HMX Moderator Profile
Michael Chang chose to go to medical school to apply his interest in science to make connections and build relationships with others. He appreciates the opportunity to interact with the global HMX community online as an intern and course moderator, learning from participants’ diverse perspectives as well as sharing his own knowledge as a medical student.
What made you want to pursue a career in medicine?
I studied molecular biology at Princeton University, and my undergraduate experience centered on civic engagement and community service, in addition to a number of molecular biology research experiences. I was also fascinated by oncology and infectious disease, and spent a lot of time in the lab, as well as in the clinical research setting. This translation of bench-to-bedside medicine was always appealing to me. But often even just as exciting was the ability to talk to people in clinic, and get to know the patients and their lives and stories, both their medical journeys as well as their more personal narratives. That was what convinced me to pursue a career in medicine – I enjoy the research and science, but I especially liked how I could really make this knowledge personal and meaningful in a clinical context.
What did you do prior to medical school?
I took one year in between undergrad and medical school to pursue doing research as an assistant at the Rockefeller University in New York City. In terms of deciding on doing a research year, my undergraduate thesis was pretty involved in terms of being a lab project but also requiring me to collaborate with people who focused on malaria and mosquito work in Maryland as well as in Peru, so I had to do a lot of field work as well. I wanted to take an extra year instead of applying at the end of my junior year, so my application would reflect that project, in addition to having real life experience under my belt. While in New York, I was also volunteering at Memorial Sloan Kettering Hospital, helping cancer patients write stories or poems or essays, and tutoring local high school students on biology. So it was a wonderful year to further develop my interest in medicine and patient narratives, scientific research, and tutoring/mentoring students.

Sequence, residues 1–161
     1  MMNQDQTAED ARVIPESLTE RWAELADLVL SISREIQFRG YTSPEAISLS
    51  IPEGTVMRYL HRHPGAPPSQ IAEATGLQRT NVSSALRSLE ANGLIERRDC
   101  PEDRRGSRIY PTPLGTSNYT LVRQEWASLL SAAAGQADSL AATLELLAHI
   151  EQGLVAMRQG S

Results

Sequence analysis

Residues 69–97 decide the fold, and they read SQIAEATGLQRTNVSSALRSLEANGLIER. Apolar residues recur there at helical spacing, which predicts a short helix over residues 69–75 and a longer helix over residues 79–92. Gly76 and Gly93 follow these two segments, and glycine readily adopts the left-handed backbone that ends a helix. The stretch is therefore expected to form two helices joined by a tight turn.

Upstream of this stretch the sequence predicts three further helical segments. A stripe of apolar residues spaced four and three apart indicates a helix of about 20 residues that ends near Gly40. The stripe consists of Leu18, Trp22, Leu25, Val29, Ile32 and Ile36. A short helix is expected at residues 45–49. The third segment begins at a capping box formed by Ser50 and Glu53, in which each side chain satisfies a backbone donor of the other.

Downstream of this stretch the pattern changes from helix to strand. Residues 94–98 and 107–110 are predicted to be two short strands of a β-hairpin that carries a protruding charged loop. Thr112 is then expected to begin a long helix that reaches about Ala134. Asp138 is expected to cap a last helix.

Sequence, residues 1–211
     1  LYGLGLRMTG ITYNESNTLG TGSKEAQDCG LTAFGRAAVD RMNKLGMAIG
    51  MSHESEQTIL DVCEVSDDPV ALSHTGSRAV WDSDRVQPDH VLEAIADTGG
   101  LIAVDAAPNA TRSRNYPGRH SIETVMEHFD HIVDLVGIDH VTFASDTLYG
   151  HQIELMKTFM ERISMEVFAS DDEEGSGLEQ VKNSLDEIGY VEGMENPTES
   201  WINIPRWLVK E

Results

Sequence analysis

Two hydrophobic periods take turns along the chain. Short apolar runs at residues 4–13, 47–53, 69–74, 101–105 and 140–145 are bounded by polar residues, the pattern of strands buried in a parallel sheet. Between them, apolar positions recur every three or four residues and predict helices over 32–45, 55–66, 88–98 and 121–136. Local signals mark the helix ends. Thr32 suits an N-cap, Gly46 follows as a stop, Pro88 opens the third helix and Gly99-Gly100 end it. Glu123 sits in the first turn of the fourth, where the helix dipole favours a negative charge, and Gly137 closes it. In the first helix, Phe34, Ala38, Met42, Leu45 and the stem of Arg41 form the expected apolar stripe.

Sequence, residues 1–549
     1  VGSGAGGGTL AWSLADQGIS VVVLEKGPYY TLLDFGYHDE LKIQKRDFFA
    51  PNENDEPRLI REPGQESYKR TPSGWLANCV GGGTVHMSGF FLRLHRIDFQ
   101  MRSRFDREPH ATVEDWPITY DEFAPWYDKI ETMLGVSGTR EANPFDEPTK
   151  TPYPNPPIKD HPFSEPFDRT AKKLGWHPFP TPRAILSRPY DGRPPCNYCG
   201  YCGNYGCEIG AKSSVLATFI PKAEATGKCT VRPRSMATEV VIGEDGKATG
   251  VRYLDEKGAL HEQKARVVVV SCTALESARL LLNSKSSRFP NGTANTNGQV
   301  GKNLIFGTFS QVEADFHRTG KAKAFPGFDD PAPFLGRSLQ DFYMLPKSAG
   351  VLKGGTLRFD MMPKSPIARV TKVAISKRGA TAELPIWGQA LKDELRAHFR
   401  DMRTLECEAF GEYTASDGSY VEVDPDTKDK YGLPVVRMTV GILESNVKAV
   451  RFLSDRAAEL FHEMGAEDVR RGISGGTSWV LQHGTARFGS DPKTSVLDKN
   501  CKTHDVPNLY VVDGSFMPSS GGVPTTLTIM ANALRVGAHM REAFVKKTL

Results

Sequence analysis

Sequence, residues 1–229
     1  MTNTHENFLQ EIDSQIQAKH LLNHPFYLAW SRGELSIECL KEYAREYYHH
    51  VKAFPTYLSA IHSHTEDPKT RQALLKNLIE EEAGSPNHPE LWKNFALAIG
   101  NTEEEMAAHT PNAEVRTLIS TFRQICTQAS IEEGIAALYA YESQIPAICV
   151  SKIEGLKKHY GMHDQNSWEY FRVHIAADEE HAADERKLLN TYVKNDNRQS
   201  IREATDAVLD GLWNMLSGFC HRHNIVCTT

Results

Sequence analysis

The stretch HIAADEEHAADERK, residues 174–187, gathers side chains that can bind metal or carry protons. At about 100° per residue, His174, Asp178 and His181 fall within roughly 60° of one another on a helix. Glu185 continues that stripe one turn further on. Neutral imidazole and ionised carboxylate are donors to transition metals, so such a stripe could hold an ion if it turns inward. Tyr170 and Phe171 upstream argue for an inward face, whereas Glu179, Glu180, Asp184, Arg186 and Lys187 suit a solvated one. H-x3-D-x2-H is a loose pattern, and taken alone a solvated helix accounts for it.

What made you want to work as an HMX intern?
I’ve always enjoyed teaching and mentoring. When I first heard of HMX, I thought that it was this new, innovative platform that is trying to bring medical and scientific education to a broader audience. I wanted to help students who were trying to go to medical school, or professionals in other fields, like business, law or engineering, who were planning on a career change or simply wanted a more robust understanding of medicine and science.
Just for my own learning, teaching helps me better understand topics and forces me to really think critically about my class and my hospital experiences that I’ve had in medical school, and how I can use that first-hand information for students in HMX. Also, as a future physician, my patients will have similar types of questions about what the disease processes are affecting their health, so practicing having a teaching-focused mindset is always helpful.
Has there been anything surprising about the experience?
Students have been asking a lot of really interesting questions; some have said they’re not from medical backgrounds, and it’s been really interesting to see how people from other fields think. They’ll ask questions about certain molecules or processes in the body that we kind of just take for granted in terms of what they do or how they are. And then they’ll ask, for example, ‘How long does this cytokine last in the bloodstream?’ or ‘How effective are immune cells once they’ve already done part of their job?’. These are questions that we don’t really ask often in a classroom or clinical setting that I think are really interesting. We don’t always have a great answer for them, but it’s really nice to see students thinking outside of the box and furthering our understanding.
Do you have any advice for participants who want to get the most out of the courses?
Ask questions in the discussion forums. Something that works well for students is trying to answer each others’ questions too, or coming up with follow up questions to build a conversation. When the discussion forum is used not just for Q&A, if there’s a question a lot of people have different takes on, it’s always valuable to have that kind of insight and dialogue.